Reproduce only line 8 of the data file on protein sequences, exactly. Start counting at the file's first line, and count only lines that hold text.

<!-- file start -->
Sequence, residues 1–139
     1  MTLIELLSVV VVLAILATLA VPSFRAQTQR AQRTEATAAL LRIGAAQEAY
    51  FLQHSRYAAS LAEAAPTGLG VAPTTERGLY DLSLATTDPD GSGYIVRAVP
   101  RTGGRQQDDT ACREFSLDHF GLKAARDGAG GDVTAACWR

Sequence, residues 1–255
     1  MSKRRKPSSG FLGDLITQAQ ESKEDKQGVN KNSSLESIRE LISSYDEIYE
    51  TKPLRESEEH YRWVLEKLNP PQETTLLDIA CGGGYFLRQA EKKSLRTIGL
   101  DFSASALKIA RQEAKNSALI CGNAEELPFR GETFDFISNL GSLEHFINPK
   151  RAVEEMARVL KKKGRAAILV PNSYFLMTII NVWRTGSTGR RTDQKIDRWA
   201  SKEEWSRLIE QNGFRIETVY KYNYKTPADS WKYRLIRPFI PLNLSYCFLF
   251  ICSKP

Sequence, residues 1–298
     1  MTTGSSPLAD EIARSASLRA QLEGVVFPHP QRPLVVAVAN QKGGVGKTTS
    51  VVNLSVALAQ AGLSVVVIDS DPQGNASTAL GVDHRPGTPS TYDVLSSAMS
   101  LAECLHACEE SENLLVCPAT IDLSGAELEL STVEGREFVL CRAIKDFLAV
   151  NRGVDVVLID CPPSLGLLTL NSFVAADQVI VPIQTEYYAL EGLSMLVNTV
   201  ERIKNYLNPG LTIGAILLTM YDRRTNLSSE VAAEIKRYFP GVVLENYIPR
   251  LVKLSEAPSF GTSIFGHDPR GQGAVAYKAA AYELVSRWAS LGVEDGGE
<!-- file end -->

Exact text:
   101  DFSASALKIA RQEAKNSALI CGNAEELPFR GETFDFISNL GSLEHFINPK